Francesco Campagnari, chercheur titulaire d'une bourse post-doctorale Marie Sklodowska-Curie (EF-ST) au Centre d'étude des mouvements sociaux (EHESS-CNRS-Inserm), organise pour l'année 2023 un cycle de deux séminaires intitulé :
« Penser l'action civique en relation avec les politiques urbaines et la planification »
Francesco Campagnari, Marie Sklodowska-Curie research fellow (EF-ST) at the Centre d'étude des mouvements sociaux (EHESS-CNRS-Inserm), organizes in 2023 a cycle of two seminars:
"Thinking civic action in relation to urban policies and planning"
Deuxième séminaire - Second seminar
How Civic Action Works:
A book presentation and discussion
12 juin 2023, 15h-17h
June 12th, 3 pm - 5 pm
Salle AS1_24, EHESS 54 Bd Raspail 75006 Paris
Lien visio/Online stream
* * *
⇒ Paul Lichterman, Professor of Sociology and Religion, University of Southern California
⇒ Carole Gayet-Viaud, chargée de recherche CNRS au CESDIP, chercheure associée au CEMS
⇒ Elena Ostanel, chercheure à l’Università Iuav di Venezia
Ce séminaire a été financé par le programme de recherche et d'innovation Horizon 2020 de l'Union européenne dans le cadre de la convention de subvention Marie Sklodowska-Curie n°101024066.
Following housing activism in Los Angeles can be inconvenient for social movement researchers. We discover a variety of actors and styles of action, some of which challenge usual understandings of who social movement actors are and what they do. How Civic Action Works embraces the inconvenience for the benefit of researchers and activists alike. Combining insights of John Dewey and Erving Goffman, the book presents a conceptual framework that zooms out to a breadth of collective problem-solving efforts while zooming in to show how these unfold in interaction. By seeing some of these civic efforts cross the lines typically drawn between state, civic and commercial “sectors,” we can specify what civic action is and how it becomes hybrid. Ethnographic research follows four housing campaigns and three coalitions closely, revealing different styles of civic action each with distinct dilemmas and trade-offs. These patterns of action powerfully shape activists’ claims, organizing strategies and understandings of success. The book’s pragmatist inspired approach solves the puzzles of why activist coalitions fragment even when the actors agree on many things, and why activists often have not considered homelessness a housing problem. A focus on civic action produces practical findings for dialogue with activists, quite different from the retrospective, “best practices” stories that circulate in the world of social advocacy.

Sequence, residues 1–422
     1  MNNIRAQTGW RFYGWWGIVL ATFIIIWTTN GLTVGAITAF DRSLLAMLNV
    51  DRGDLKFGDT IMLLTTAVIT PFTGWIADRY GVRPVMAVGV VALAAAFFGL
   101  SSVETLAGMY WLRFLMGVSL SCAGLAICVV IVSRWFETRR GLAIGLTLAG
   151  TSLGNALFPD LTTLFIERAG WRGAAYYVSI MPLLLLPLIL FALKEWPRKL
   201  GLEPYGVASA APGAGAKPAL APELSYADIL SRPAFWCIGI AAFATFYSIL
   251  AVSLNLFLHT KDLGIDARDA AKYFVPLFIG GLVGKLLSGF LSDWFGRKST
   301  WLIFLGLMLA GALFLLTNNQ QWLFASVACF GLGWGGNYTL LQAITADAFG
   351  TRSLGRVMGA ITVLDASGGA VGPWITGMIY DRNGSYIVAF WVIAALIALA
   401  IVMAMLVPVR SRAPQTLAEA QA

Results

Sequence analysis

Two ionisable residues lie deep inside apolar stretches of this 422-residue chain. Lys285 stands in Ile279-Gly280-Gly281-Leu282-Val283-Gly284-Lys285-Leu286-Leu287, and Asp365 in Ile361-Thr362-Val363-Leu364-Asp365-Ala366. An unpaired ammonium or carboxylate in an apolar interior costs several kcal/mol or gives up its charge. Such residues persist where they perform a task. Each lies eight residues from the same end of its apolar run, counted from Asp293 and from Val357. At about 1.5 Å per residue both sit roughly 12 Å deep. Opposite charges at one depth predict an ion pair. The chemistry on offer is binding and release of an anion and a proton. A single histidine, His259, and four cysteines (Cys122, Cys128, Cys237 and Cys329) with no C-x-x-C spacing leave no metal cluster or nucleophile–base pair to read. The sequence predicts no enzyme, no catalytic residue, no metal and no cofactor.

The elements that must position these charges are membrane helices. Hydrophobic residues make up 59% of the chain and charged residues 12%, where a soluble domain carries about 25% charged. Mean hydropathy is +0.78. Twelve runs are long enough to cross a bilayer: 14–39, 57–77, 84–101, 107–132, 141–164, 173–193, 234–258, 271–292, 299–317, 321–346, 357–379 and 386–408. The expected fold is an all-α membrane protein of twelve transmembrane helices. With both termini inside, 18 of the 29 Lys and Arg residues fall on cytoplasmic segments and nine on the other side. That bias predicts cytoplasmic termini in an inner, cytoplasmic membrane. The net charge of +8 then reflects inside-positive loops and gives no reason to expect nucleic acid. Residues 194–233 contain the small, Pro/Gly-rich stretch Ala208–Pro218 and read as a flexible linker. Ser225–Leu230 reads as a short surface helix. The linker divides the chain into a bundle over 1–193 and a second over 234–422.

Premier séminaire - First seminar
"Public-common institutions: a radical democratisation of local public services"
Intervenante/Speaker : Iolanda Bianchi, FWO postdoctoral fellow (Urban Studies Institute, Université d'Anvers)
Discutante/Discussant : Francesca Artioli, Maîtresse de conférences (Lab'Urba, Ecole d’Urbanisme de Paris, Université Paris-Est Créteil)
The seminar will be in English.
Résumé - Summary
Over the last decades, and especially with the spread of the Covid -19 pandemic, the most common modalities of local public service management - direct public management and outsourcing - have been widely criticised for their limited democratic nature. Within this context, “the common” has emerged as a paradigm that can inspire the construction of a radical democratic management modality by way of application of the principle of non-appropriability (Laval and Dardot, 2015).
Building a common-inspired governance of local public services means citizens self-producing and self-distributing them with ample financial and/or infrastructural support from the local state, such as when public housing is delivered through cooperative housing projects. Elsewhere, innovative forms of co-ownership between public and civic partners demonstrate the potential for hybridity in the provision of services, such as when energy infrastructure is co-owned by citizen cooperatives and municipalities. When these are not possible, common-inspired approaches involve letting the local state produce and distribute public services in-house, but through shared decision-making with civil society, as in public utility companies with participatory governing structures.
In this seminar, Dr Iolanda Bianchi will present her recent work on the democratisation of local public services by way of the paradigm of the common (Bianchi, 2022). The presentation will focus on two urban contexts, Naples and Barcelona, and examines the common-inspired transformation of their local public services, respectively, water services (Acqua Bene Comune A.S.) and sociocultural facilities (Citizens Asset Programme). The seminar will reflect on the capacity of public-common institutions to represent an alternative and more democratic management modality for local public services.
16 mars 16h-17h30 - March 16th 4 pm-5.30 pm
Salle AS1-08, EHESS 54 Bd Raspail 75006 Paris